I will fix Radwa’s collar,
draw Munif and my mother closer to me,
and move the tallest, my father and Majid, to the center.
Can death be persuaded that we’ve been resurrected whole,
slipped from its hands, and flown with the birds?
Above the lake, we became lake,
became mountains and shadows,
and sidewalk cafés.

Here I am banishing longing from my language.
Longing, the confession that breaks
place in two, the body in two, the self in two.
The riverbank is the river.
Without it, we don’t call it a river.
The mountains become mountains only with their valleys.
And the flowers, don’t they need stems to bloom?
Doesn’t a hilt need a sword to live?
Who can separate the bird from the possibilities of wings,
and the waves from the sea?
Who now can separate ship from water?
Who says spring is the absence of summer?
Who separates clouds from shades of white?
There’s no halo in the sky
without a moon at its heart.

Did I just say this
or did my departed improvise it?
I’m not sure,
but I don’t miss them—
they’re here
under the buttons of my light shirt.


Translated by Zeina Hashem Beck


Obeideh the Cow

By Ahlam Bsharat


We had a cow, Obeidah the cow.

She had big wide eyes
but the whole herd had big wide eyes.

She was dappled
but the rest of them were dappled.

She had two large udders
that daily gave two or three buckets of milk
but every other cow in the herd had full udders
my mom milked for the same amount.

Most of the time Obeidah had snot running down her nose
and that was disgusting
and pervasive in the herd we owned,
their nostrils were snot-filled.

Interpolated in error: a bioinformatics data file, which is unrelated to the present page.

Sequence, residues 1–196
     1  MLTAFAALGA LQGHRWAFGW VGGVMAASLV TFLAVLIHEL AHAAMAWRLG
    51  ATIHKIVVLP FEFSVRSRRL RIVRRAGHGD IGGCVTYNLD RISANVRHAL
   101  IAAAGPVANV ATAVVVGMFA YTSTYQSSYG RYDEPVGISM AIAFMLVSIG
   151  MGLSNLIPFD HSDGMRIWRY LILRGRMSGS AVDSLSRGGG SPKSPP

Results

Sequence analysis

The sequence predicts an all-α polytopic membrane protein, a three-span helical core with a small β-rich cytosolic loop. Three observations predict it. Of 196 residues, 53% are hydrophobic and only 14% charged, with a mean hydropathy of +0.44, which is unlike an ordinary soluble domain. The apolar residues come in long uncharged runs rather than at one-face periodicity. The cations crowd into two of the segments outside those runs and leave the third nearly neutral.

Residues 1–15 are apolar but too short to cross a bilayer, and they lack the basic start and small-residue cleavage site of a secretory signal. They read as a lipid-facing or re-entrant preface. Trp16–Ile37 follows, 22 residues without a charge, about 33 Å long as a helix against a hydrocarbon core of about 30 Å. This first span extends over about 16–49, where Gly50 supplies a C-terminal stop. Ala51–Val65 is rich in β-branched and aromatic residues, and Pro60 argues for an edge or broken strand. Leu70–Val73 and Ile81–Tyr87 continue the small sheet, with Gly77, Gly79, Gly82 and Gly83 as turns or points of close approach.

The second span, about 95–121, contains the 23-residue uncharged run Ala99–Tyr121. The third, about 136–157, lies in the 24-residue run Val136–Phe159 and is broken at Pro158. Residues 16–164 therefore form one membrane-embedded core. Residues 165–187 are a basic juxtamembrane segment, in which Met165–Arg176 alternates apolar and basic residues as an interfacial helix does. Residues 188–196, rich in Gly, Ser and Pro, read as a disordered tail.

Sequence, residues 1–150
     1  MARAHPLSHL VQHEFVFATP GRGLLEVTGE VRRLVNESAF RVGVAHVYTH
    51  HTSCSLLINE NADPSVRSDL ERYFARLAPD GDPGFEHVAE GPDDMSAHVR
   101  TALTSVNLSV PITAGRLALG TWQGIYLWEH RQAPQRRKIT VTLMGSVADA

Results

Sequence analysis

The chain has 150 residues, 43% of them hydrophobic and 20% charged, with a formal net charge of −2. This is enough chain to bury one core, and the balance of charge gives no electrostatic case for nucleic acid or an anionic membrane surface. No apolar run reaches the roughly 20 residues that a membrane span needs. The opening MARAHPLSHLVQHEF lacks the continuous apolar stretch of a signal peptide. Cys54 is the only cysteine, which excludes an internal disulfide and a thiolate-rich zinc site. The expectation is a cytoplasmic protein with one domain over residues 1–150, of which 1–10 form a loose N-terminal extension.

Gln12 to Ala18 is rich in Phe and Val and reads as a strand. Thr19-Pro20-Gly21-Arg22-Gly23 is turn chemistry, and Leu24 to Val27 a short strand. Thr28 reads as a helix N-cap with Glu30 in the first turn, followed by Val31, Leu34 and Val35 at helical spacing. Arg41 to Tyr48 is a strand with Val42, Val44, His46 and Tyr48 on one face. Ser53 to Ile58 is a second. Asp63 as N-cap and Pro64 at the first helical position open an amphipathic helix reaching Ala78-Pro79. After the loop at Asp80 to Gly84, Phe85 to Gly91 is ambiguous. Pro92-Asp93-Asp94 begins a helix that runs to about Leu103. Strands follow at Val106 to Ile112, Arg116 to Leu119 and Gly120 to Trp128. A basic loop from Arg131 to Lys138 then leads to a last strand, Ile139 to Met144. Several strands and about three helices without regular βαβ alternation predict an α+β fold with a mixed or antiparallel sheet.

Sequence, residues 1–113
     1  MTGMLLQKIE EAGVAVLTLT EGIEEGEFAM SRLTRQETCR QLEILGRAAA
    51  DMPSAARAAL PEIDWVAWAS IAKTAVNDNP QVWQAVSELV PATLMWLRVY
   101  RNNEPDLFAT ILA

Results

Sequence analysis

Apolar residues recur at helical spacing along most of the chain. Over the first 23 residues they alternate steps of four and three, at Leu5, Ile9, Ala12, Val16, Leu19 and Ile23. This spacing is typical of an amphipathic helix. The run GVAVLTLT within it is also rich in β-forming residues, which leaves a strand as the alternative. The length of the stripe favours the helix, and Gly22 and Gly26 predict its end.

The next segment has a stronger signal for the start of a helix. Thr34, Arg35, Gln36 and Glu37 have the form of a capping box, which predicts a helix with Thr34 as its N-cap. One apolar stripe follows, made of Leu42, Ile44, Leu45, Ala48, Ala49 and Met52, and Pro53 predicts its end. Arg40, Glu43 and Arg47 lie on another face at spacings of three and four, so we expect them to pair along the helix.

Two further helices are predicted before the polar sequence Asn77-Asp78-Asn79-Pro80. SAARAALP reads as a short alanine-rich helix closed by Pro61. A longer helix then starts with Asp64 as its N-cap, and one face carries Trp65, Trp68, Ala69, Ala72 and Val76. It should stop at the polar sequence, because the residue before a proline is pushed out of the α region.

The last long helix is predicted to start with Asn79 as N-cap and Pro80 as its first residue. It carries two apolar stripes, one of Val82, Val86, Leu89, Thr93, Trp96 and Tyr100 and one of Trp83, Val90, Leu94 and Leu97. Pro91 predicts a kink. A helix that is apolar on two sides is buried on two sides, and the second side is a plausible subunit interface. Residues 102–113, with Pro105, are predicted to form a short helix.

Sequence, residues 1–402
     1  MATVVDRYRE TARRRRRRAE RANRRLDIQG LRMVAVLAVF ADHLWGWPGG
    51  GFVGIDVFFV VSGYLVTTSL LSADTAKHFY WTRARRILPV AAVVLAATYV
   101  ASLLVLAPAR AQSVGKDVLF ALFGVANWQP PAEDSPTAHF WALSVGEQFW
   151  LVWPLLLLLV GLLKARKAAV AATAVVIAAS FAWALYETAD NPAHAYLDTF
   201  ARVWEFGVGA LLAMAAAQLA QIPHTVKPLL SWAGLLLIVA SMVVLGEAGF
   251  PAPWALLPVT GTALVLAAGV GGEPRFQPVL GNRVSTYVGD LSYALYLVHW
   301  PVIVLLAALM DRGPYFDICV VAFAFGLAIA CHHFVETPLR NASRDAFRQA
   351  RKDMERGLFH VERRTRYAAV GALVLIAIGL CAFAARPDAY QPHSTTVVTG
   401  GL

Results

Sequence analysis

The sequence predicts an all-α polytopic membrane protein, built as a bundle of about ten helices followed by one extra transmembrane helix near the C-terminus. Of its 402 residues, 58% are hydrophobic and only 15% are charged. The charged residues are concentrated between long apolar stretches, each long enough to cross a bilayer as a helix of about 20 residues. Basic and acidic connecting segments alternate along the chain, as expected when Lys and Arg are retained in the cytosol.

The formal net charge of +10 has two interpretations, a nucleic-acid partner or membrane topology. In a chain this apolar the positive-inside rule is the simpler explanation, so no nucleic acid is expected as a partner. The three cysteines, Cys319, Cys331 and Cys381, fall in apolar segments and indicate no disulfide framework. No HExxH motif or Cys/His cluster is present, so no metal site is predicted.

And whenever we took her calf away from under her
Obeidah used to shed tears like human tears
and that was the case for the rest of the cows
whenever we took their calves away from them
they cried like humans might.

Obeidah used to suffer longing.
And would low a painful moo.
The whole herd could do this
and rip our heart cords apart, send us
into hiding under blankets
as if taking cover
from a night monster until daybreak.

At daybreak we’d declare our safe presence
by taking a piss out in the open
one after the other
a natural rites of passage
as the sun recited her hymns overhead.

Then into the plains we, kids, would go
unafraid of being lost
where we’d been in a previous life.
We knew even the smallest rocks,
the yellow snakes, their crossing time,


and in our mouths
we held a piece of bread each,
and in each hand a thin stick
off the corpse of the poppy plant
we used to call the bitter orange bush.

We would run brandishing our sticks
with Obeidah and the entire herd ahead of us

and alongside them